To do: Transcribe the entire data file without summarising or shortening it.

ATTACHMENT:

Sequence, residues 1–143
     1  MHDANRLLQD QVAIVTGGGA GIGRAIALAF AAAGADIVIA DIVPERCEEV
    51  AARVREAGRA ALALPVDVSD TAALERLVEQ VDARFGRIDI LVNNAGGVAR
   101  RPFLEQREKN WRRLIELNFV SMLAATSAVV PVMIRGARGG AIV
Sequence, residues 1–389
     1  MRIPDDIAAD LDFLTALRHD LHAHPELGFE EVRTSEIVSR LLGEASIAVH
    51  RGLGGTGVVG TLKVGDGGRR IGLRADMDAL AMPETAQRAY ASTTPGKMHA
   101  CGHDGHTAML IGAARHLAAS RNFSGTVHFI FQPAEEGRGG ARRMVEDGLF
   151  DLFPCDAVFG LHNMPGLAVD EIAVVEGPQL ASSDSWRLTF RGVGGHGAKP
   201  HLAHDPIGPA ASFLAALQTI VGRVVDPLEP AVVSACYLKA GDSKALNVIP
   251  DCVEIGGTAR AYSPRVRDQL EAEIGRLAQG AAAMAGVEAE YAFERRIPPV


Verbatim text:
Sequence, residues 1–143
     1  MHDANRLLQD QVAIVTGGGA GIGRAIALAF AAAGADIVIA DIVPERCEEV
    51  AARVREAGRA ALALPVDVSD TAALERLVEQ VDARFGRIDI LVNNAGGVAR
   101  RPFLEQREKN WRRLIELNFV SMLAATSAVV PVMIRGARGG AIV
Sequence, residues 1–389
     1  MRIPDDIAAD LDFLTALRHD LHAHPELGFE EVRTSEIVSR LLGEASIAVH
    51  RGLGGTGVVG TLKVGDGGRR IGLRADMDAL AMPETAQRAY ASTTPGKMHA
   101  CGHDGHTAML IGAARHLAAS RNFSGTVHFI FQPAEEGRGG ARRMVEDGLF
   151  DLFPCDAVFG LHNMPGLAVD EIAVVEGPQL ASSDSWRLTF RGVGGHGAKP
   201  HLAHDPIGPA ASFLAALQTI VGRVVDPLEP AVVSACYLKA GDSKALNVIP
   251  DCVEIGGTAR AYSPRVRDQL EAEIGRLAQG AAAMAGVEAE YAFERRIPPV